By Galen Okazaki
Baxter Humby likes to tell us that “the only limitations you have are the ones that you put on yourself”. For those of us looking for inspiration there are countless quotes out there, most of them by people who have accomplished great things, although in many cases before our lifetime. For me, the best source of inspiration is from those who are living, breathing and walking the earth today. Perhaps that comes from my deeply embedded mantra of actions always speaking louder than words. I have now seen Baxter fight, in person, three times and every time I do I am reminded of just how true and inspiring his words are. Baxter Humby is a fighter…he has always been a fighter. At birth his umbilical cord became entangled with his right arm and as a result, he lost his right arm from the elbow down (a disorder commonly referred to as “congenital amputation”). Faced with this from the start, many of us might have placed limits on ourselves or even crumbled under the weight of public perception. But with a fighter’s heart and the support of loving parents who told him he was capable of doing anything he put his mind to, Baxter would never approach life with the thought of limitations.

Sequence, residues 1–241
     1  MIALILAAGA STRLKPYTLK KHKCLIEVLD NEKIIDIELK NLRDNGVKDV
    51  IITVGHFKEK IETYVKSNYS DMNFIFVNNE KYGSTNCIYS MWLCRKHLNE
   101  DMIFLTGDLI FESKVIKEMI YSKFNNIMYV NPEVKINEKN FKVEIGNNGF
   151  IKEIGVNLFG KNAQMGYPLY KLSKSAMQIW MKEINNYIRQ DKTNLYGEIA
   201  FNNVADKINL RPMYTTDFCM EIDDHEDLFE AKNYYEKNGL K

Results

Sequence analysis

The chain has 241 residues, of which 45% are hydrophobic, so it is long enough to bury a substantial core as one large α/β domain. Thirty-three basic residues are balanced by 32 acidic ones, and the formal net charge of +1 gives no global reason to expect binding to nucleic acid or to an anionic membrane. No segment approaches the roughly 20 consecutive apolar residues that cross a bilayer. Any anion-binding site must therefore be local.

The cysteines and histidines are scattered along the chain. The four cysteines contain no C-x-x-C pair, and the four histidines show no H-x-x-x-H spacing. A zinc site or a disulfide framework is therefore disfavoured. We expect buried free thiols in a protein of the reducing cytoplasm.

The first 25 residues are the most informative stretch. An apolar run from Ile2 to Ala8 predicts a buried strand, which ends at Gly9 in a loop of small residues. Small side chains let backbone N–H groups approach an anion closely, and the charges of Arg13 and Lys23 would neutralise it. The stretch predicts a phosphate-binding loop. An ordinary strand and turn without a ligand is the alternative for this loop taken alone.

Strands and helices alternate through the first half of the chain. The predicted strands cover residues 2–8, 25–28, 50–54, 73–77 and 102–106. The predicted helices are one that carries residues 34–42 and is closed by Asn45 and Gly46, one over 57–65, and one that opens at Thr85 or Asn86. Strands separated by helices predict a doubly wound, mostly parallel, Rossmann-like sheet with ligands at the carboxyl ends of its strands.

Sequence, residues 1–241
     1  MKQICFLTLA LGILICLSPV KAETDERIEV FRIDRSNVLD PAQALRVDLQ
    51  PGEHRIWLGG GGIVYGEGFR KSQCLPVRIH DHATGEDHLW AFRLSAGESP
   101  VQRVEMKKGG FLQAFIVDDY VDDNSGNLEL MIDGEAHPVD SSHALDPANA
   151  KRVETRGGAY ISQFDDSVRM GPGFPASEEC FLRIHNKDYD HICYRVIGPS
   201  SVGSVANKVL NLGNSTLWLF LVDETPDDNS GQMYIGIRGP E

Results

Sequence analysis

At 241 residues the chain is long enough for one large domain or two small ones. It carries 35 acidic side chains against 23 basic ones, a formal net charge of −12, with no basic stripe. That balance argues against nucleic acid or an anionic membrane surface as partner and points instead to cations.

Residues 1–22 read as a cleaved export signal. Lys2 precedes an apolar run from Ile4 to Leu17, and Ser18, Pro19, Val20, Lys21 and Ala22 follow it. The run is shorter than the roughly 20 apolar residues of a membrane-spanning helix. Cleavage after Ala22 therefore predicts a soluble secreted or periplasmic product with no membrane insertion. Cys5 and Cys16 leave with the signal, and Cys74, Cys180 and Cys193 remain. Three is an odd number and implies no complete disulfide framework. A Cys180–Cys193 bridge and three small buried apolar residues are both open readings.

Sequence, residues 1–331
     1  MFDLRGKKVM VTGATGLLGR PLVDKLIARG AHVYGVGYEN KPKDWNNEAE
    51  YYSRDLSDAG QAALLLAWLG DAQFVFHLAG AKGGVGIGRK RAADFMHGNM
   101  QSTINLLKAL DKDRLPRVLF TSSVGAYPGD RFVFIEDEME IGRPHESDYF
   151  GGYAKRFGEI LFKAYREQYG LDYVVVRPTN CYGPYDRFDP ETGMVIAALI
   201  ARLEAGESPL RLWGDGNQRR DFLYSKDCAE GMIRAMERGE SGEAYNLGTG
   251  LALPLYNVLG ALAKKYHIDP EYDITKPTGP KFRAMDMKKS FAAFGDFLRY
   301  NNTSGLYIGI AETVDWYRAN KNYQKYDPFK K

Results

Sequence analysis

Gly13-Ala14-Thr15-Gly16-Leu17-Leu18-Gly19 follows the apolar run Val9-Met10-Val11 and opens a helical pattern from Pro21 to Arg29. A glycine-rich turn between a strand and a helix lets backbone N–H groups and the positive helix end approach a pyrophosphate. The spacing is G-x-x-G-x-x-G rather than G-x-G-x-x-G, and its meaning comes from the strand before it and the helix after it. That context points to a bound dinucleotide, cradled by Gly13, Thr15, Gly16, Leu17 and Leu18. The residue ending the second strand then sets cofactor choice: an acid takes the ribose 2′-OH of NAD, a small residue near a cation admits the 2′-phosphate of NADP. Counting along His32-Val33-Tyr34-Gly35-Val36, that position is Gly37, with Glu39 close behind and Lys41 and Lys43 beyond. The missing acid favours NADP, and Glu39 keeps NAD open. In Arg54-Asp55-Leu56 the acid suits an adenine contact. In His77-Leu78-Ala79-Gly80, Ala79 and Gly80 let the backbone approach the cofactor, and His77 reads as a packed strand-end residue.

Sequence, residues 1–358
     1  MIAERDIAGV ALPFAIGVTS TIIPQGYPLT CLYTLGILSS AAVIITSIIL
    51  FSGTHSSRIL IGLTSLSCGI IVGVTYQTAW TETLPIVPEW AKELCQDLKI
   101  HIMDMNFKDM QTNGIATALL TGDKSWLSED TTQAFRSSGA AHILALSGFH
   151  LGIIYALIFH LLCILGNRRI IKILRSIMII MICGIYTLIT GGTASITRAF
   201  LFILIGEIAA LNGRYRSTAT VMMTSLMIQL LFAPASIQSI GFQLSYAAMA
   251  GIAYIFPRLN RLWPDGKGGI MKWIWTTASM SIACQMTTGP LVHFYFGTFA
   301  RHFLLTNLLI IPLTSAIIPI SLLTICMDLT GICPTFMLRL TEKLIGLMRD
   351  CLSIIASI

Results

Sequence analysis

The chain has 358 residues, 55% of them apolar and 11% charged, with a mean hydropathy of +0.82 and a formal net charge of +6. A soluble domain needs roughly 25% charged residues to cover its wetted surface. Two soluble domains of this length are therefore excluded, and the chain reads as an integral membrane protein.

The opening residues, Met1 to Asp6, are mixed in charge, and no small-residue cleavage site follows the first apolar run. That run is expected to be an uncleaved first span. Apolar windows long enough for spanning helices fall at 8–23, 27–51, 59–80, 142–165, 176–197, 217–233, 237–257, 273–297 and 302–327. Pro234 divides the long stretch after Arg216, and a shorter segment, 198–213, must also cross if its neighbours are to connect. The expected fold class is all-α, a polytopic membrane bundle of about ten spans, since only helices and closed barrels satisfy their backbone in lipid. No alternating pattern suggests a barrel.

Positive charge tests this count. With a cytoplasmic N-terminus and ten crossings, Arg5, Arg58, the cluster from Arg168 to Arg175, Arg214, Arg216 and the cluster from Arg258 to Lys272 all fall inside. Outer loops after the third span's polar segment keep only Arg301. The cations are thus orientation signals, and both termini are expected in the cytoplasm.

Growing up in a rough part of Winnipeg Manitoba Canada, Baxter had to deal with a lot of teasing. Kids being kids would tease him about his arm and also about being part Indian. In that part of Canada, Indians were subject to racial prejudice. So from a very young age, Baxter had to fight and defend himself. Lucky for him, his father was a former Canadian Army light heavyweight boxing champ. At age four, his father began teaching him how to box. Growing up Baxter (like many of us) also fell in love with martial arts through Bruce Lee movies. At age 16, he took on a paper route to help pay for his first martial arts classes. He ended up taking Tae Kwon Do and within a year he was competing in Tae Kwon Do competitions. After two years of Tae Kwon Do, a brother of a girl Baxter was dating at the time introduced him to Muay Thai. He instantly fell in love with it and competed solely in Muay Thai from that point on. Baxter was fortunate enough to be able to train with a former Muay Thai world champion from the very start, Arthur Pereira. One of the things Baxter learned early on from Pereira was that by switching his stance, he can use his left arm for both jabs and crosses.
Baxter went on to have an undefeated amateur record in Canada, ultimately becoming a Canadian national champion. Since childhood though, he had always had a dream of becoming a professional athlete. He soon found that it was becoming virtually impossible to find opponents in Canada as no one wanted to fight and lose to a one-armed fighter. He knew that if he was going to chase his dream he would have to move to the United States, so at age 24 he picked up his life and moved to Los Angeles California. Soon after arriving in Los Angeles, Baxter was training with Maurice Travis and was able to find more fights. Baxter eventually ran his amateur record to 32-6, with roughly half of his fights being in Canada and the other half in the US.